Page Layout
Balance content and navigation

Because the Web is both communication medium and software application, Web designers are challenged with the task of providing both meaningful content and a functional interface—all in the small window of a Web page. With well-designed pages, design decisions are made in support of achieving an appropriate balance between content and navigation, based on the nature of the site and the needs of its users.

Current Web pages tend to emphasize interface over content. Page designs often contain four or more navigation systems: global navigation for quick access to the main sections of the site, local navigation for access to the pages or subsections within the current section, page navigation for access to the sections on the current page, and breadcrumb navigation to show where the current page lies in the overall structure of the site, just to name a few. The purpose of navigation systems is to reveal possible destinations and, at the same time, to allow users to easily traverse from section to section, and page to page.

The primary rationale for navigation systems is that they minimize the number of clicks needed for users to reach their destination. For example, a clothing site might offer navigation links to all clothing categories, allowing users to go from "Shorts" to "Sweaters" in one click without having to backtrack to the home page (Figure 15.7).

Figure 15.7: InformIT screenshot

Figure 15.7: Many sites provide extensive navigation options on every page so that users can easily move between sections. Here, Informit provides links to other sites in its network (1), site search (2), global navigation (3), breadcrumb navigation (4), utility links (5), local navigation (6), and links to related content (7). However, many of these options are extraneous for users who have reached their destination and want to focus on reading the article (8).

Pages with extensive navigation options suffer the same disease as many of today’s devices—feature creep. Feature creep occurs when features are added to a design because technically they can be added, and because they might be useful. The net result is a complex, multilayered device that is difficult to use. Link creep works the same way. When multiple links are added to a page just in case a user might want to go from a to b, the many users who don’t find those links relevant and useful are forced to work through a cluttered page to find the relevant link or information.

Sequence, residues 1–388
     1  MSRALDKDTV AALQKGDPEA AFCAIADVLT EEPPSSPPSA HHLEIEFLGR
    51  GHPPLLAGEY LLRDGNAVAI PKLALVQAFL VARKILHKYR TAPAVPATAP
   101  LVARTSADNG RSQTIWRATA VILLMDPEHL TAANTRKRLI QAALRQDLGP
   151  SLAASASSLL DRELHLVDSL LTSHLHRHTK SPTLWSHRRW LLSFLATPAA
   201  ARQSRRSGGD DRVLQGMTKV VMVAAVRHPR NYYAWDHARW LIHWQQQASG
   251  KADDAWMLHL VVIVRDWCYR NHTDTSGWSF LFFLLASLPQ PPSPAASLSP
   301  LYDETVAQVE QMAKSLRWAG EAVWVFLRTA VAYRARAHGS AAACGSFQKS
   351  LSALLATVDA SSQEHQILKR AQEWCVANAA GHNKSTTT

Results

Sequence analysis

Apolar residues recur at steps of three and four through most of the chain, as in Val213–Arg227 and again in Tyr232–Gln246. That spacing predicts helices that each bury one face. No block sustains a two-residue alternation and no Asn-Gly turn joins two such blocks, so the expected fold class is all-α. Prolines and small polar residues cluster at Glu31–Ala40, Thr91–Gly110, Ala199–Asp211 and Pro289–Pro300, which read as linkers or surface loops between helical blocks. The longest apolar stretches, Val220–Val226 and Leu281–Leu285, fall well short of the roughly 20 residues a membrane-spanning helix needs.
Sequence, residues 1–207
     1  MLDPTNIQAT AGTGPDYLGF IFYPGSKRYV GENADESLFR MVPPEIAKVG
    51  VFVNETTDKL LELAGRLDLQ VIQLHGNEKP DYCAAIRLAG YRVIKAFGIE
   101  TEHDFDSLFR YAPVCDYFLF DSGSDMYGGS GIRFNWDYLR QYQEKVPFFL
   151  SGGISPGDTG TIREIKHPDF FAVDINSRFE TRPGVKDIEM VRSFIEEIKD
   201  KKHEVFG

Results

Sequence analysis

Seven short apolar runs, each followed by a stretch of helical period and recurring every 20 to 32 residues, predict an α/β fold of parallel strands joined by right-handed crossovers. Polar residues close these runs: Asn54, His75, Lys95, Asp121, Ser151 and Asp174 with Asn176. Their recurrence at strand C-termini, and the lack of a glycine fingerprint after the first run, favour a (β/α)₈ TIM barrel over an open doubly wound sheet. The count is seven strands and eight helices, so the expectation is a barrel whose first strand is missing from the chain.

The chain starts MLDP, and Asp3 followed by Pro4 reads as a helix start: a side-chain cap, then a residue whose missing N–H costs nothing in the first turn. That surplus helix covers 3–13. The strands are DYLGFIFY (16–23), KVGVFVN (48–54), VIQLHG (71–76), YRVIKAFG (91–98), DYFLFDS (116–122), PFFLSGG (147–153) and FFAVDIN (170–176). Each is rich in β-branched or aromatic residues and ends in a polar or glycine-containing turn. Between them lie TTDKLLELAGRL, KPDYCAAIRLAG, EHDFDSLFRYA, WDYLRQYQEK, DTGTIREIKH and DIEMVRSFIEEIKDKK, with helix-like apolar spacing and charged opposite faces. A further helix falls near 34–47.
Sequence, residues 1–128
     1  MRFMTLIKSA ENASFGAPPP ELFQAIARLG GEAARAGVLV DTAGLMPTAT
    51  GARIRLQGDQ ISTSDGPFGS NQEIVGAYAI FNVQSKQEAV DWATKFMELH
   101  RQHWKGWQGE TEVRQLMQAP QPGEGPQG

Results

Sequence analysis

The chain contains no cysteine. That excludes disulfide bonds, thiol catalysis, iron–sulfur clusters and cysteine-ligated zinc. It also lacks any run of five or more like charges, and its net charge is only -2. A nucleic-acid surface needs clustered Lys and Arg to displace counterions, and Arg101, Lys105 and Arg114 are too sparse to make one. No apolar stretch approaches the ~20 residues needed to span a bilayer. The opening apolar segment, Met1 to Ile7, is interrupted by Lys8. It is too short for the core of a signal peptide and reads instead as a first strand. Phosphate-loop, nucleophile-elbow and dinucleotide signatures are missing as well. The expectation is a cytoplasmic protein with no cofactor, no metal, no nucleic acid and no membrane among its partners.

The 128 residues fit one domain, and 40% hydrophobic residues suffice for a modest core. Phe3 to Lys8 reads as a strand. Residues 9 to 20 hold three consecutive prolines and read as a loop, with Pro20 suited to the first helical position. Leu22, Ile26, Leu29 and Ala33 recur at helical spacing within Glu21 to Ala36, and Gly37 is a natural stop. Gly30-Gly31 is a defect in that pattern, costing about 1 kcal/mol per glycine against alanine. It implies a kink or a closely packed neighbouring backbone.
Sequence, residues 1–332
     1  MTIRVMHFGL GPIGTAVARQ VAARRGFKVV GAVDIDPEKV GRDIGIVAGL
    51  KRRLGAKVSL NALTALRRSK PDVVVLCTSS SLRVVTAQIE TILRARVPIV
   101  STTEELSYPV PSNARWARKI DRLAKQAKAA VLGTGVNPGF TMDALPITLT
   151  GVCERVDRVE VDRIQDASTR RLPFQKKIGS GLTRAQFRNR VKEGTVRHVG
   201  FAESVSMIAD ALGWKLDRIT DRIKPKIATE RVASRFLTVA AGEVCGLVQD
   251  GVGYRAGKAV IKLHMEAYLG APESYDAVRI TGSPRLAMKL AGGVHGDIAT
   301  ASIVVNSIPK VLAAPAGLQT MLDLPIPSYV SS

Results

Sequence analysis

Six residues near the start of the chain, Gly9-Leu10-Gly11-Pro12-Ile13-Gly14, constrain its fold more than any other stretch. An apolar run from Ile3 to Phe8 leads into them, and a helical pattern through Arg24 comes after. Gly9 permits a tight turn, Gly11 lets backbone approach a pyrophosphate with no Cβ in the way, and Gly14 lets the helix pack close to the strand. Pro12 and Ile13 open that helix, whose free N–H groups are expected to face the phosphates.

Navigation is certainly useful, but must be designed intelligently. Chances are a user shopping for shorts is not also shopping for sweaters, but instead sandals or swimsuits. Shoppers need ready access to account information and a shopping cart, but perhaps not information about the company or store locations. Navigation systems that are context-sensitive—that provide appropriate links based on content and available tasks—are more effective than extensive link lists covering every possible eventuality. Some backtracking is reasonable, particularly given that many users use the back button as their primary navigation device. Users who do want to go from "Shorts" to "Sweaters" can backtrack to "Men’s clothing" and go from there.

Minimizing navigation helps all users. Visual users aren’t overwhelmed or disoriented by unnecessary page elements. Nonvisual users do not have to work through elements that are irrelevant to the content of the page. And with contextual navigation, users have appropriate options on hand when they need them (Figure 15.8).

Figure 15.8: screenshot

Figure 15.8: makes good use of contextual linking on its articles pages. In this article, each section is followed by links to other articles that relate to the information covered in the section.